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Keeping ‘Organic’ Honest

If you want to avoid GMOs and pesticides, your best option (other than growing your own food) is to buy products that bear the green and white USDA Organic seal.

But the certification process behind the U.S. Department of Agriculture’s (USDA) National Organic Program (NOP), and the people who manage it, aren’t perfect. Unless consumers keep the program honest, the standards governing organic will deteriorate.

With sales of organics hitting a record $39 billion in 2014, companies like Kellogg’s and General Mills are buying up organic brands—and then angling for positions on the National Organic Standards Board (NOSB) so they can influence organic standards. And not in a good way, says the Cornucopia Institute.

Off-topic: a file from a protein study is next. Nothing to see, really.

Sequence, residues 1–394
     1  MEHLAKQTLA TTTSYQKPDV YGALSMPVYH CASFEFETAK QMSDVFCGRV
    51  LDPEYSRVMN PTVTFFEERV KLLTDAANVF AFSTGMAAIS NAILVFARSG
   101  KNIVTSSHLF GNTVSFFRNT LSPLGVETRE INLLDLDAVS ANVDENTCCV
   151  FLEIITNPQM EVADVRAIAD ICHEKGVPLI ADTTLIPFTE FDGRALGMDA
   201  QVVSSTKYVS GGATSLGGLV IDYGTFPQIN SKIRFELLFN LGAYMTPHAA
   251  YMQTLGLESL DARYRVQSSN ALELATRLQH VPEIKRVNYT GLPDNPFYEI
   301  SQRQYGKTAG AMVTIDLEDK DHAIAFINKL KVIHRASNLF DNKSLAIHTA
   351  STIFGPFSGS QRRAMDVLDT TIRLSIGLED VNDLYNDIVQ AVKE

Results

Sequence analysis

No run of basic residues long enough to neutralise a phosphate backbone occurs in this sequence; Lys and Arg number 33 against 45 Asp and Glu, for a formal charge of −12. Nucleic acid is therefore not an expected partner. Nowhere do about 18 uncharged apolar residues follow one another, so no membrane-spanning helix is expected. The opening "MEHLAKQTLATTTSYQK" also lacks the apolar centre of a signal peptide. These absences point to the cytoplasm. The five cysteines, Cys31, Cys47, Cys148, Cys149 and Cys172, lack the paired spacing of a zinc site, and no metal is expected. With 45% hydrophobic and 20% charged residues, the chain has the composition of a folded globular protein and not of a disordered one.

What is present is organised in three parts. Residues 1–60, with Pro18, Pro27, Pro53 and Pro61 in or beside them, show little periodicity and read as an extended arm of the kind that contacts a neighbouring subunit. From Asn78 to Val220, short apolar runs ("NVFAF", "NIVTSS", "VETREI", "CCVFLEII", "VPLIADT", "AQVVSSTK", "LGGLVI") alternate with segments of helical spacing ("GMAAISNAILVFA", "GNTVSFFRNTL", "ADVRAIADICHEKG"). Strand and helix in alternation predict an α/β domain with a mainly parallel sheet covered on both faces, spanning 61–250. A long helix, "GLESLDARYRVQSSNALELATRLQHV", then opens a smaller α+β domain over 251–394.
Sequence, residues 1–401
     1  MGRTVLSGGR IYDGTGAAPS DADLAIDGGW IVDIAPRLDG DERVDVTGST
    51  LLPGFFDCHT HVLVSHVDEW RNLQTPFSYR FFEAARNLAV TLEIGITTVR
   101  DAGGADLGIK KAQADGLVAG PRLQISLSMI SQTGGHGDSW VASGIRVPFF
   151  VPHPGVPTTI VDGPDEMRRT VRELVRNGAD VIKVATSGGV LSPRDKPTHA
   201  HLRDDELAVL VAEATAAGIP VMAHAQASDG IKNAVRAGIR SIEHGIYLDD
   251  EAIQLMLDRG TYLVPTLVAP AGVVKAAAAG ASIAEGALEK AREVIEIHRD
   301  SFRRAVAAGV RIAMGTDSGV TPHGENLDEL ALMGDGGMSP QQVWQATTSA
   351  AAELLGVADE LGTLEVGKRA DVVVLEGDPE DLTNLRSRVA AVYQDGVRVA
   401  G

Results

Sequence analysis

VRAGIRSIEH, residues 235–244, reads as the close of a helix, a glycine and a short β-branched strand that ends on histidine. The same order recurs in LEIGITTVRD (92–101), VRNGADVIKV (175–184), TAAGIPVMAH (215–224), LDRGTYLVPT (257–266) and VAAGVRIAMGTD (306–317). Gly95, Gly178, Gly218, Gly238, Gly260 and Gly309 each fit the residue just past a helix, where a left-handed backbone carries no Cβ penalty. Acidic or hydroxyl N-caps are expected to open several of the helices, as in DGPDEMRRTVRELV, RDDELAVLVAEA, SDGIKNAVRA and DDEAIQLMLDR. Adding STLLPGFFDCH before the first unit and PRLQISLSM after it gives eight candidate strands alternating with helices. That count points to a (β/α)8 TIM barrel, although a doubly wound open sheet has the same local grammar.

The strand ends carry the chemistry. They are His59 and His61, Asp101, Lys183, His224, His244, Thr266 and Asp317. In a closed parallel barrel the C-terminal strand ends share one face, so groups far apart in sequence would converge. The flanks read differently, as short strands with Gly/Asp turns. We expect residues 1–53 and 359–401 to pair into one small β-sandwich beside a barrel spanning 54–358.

In fact, things are so bad, that the Cornucopia Institute is calling for the removal of NOP Deputy Administrator, Miles McEvoy.

Meanwhile, the NOSB is meeting in Stowe, Vt. this week. The board will review more than 100 non-organic materials that currently are allowed in organic, but are nearing their five-year expiration date. Some of those include: the use of ethylene gas to induce flowering in pineapples; non-organic celery powder, high in nitrates, as a preservative in bacon and sausage; and non-organic coloring sources. 

Stay tuned. 

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